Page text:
- The Washington Times - Saturday, February 23, 2008

Predictions of hazardous weather prompted suburban school systems across the region to call off classes yesterday, but the forecast for students in D.C. Public Schools remained the same as it has all year: Bring your books, because schools will be open.

The city’s school system was the only one in the region that did not cancel classes in the face of a winter storm that dumped snow and ice over much of the Northeast yesterday, despite weather forecasts for freezing rain and sleet.

The storm was part of a massive system that blanketed much of the Northeast in snow yesterday after bringing freezing rain, sleet and snow to parts of Kentucky, Missouri and Illinois a day earlier.

City school officials have not called off or delayed classes this year for weather-related reasons.

“We’re watching to see if there is a very obvious threat,” schools spokeswoman Mafara Hobson said. “And there hasn’t been at all this year.”

The District stands out from many urban and suburban school systems in that it does not provide bus service for the vast majority of its 49,000 students, most of whom walk or use mass transit.

Freezing rain fell in the early morning and caused some minor problems in Maryland.

More than 15 vehicles collided shortly after 7 a.m. on a ramp from Interstate 270 to I-370 in Gaithersburg, police said. No one was injured but the ramp was closed for about 45 minutes.

George Parker, president of the Washington Teachers Union, said the decision to open on time “appeared to show a lack of sensitivity and concern for the safety” of teachers, students and staff who live outside the District.

“D.C. Public Schools should not expect teachers to jeopardize their safety when reporting to work,” Mr. Parker said.

Miss Hobson said that the school system’s primary responsibility is to ensure the safety of its students, the bulk of whom live in the District.

“We have to make a decision based on what’s going on in D.C.,” she said.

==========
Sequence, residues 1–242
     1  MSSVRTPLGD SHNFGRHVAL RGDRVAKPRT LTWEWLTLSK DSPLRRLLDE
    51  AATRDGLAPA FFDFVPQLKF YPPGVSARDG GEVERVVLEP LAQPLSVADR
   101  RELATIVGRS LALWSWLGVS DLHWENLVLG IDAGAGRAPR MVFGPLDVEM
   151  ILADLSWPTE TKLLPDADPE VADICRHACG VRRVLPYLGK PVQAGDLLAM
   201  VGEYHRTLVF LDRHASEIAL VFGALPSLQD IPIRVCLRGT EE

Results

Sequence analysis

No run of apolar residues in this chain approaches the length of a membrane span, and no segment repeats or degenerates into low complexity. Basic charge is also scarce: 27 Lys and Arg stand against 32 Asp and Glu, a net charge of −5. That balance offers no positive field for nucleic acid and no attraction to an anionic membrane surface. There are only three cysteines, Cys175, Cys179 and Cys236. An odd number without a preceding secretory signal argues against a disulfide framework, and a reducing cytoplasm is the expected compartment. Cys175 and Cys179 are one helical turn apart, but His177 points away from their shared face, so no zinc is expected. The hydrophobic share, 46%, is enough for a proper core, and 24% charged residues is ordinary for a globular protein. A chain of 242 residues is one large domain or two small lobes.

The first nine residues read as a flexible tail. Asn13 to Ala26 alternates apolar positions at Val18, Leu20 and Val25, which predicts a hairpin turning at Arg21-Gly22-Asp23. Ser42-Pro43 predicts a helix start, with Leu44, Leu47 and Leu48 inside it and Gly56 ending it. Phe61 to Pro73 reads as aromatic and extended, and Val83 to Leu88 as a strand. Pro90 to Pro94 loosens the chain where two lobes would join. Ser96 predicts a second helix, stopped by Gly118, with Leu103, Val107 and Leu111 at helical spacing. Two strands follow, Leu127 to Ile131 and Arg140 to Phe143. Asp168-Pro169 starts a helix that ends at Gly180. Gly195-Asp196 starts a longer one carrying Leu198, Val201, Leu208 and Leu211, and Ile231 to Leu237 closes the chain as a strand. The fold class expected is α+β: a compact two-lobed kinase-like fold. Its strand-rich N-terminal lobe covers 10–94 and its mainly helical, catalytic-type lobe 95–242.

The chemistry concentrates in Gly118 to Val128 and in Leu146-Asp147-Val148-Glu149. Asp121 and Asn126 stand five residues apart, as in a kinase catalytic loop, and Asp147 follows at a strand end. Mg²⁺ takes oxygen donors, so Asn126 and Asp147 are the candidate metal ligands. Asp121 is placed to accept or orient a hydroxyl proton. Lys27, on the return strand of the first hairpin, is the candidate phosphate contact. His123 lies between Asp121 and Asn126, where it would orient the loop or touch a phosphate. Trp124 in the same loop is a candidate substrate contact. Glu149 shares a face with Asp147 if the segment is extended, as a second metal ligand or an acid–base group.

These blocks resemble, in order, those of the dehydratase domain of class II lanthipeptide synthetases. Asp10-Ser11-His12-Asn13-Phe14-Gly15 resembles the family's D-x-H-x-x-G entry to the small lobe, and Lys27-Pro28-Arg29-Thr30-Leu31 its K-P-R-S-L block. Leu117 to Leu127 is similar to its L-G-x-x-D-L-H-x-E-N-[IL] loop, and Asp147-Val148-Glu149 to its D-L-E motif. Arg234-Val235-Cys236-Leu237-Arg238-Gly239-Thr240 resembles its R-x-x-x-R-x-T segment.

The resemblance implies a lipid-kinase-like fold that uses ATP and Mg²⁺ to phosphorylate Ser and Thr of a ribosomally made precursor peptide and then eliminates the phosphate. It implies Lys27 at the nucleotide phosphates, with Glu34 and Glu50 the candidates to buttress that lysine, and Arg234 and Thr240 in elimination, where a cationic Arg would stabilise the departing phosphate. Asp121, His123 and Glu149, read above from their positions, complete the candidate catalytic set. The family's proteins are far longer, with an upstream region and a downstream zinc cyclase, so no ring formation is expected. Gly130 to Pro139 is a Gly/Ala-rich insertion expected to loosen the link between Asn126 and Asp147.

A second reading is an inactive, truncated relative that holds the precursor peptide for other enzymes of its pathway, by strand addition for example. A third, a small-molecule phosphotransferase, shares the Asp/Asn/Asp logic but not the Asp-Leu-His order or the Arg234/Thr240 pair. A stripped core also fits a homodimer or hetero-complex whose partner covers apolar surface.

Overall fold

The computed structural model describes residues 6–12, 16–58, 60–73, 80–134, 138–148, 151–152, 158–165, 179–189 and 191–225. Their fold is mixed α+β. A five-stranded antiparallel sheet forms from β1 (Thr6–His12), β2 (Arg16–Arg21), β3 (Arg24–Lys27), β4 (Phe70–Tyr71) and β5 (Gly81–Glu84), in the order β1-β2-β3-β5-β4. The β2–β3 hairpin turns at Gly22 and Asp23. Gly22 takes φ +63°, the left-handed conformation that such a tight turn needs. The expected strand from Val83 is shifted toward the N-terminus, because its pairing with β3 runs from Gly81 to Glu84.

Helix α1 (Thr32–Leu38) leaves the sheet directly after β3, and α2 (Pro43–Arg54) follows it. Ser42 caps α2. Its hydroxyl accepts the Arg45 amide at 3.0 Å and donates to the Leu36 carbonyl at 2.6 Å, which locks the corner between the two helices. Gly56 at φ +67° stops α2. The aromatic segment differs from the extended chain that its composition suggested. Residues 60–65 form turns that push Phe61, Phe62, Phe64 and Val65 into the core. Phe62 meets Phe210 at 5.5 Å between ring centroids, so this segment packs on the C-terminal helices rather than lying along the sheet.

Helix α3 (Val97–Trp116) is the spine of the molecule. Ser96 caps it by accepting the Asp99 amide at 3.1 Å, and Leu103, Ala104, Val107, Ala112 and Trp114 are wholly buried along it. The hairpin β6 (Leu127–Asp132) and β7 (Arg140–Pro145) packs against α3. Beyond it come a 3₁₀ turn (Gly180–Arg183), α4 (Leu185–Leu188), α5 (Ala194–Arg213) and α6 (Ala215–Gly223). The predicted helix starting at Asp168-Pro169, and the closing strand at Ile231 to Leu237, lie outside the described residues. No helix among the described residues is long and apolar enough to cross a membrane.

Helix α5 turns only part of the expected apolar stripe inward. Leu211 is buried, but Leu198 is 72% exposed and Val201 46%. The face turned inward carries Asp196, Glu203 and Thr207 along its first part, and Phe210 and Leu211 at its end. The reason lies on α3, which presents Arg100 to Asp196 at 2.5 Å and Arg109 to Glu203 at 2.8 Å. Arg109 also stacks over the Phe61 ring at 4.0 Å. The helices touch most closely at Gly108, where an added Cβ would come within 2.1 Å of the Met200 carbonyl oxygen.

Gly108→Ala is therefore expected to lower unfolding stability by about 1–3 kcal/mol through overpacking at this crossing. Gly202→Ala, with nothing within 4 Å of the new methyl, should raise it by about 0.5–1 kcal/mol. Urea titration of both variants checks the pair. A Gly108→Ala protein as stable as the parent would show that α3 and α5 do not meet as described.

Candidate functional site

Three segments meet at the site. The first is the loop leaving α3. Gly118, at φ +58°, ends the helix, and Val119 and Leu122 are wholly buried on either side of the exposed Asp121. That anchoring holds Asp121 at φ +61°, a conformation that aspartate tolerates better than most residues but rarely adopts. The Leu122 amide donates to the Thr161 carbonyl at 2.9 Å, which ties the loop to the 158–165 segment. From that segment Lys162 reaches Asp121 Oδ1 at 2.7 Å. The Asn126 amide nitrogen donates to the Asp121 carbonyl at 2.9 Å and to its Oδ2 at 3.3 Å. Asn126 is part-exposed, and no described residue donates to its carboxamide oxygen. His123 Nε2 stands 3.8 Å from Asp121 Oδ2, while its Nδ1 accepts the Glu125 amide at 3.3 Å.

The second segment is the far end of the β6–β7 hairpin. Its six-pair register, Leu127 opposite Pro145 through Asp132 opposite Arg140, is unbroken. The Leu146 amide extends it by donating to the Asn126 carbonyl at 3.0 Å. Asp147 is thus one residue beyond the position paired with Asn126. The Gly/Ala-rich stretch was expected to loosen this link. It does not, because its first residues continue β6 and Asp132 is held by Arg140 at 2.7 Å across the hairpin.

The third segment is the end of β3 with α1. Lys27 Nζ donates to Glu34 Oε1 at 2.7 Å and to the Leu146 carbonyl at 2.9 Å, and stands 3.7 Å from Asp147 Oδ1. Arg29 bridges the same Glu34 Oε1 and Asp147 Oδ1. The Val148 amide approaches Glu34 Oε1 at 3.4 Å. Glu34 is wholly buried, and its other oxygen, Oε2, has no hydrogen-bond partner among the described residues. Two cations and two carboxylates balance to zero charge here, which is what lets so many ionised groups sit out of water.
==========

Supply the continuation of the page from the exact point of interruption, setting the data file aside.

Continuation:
AAA Mid-Atlantic spokesman John Townsend said the combination of aggressive snow and ice removal and decision by officials to keep schools open is a big leap for the city which has historically struggled to deal with winter storms.

“[The District] is no longer treating snow removal like a southern city,” Mr. Townsend said. “They have a big-city approach.”

Parents and caregivers picking up children at Watkins Elementary School in Southeast generally were pleased that classes were in session.

Doris Davis, whose 6-year-old son Marsten attends Watkins Elementary in Southeast, said other school districts can be too hasty in canceling classes.

“I know we have snow days, but I don’t see no snow on the ground,” said Mrs. Davis, 42, of Southeast. “I totally agree. I think Mayor [Adrian M.] Fenty’s making good decisions.”

But Kanika Bolton, who was picking up her 4-year-old daughter, Ashani, said the city should take the same actions as the surrounding jurisdictions.

“If [the weather] is bad enough for most of D.C. charter schools and everyone around us, it should be for us,” said Ms. Bolton, 28, of Southeast. “It was pretty icy. I believe we should have at least gotten a delay.”

John White, a Prince George’s County schools spokesman, said the decision was made to “err on the side of being safe” and close the schools. It was the first time this school year that the system, with 207 schools and 131,000 students, has canceled classes because of weather.

“It’s easy to second-guess at almost noon,” Mr. White said. “But at 5 a.m. — when freezing rain is falling and the temperatures are where they are and the forecast is what it is and the conditions are icy — you make a decision based on whether we can get all students to school safely.”

Frank Bellavia, spokesman for the 18,517-student Arlington County school system, said yesterday also was the first time schools were closed in the county for weather this year.

“They look at road conditions, what the weather’s going to be throughout the day and they make the decision accordingly,” Mr. Bellavia said.

Half a foot of snow fell in New York City yesterday, and storm warnings extended across Massachusetts and southern New Hampshire complicating travel along the nation’s Northeast Corridor.

More than 900 flights were canceled at three major airports in the New York area yesterday, with reported delays of up to five hours at Newark Liberty International Airport, three hours at LaGuardia Airport and one and a half hours at John F. Kennedy International Airport.

In Philadelphia, the average arriving flight was four and a half hours late.

This story is based in part on wire service reports.

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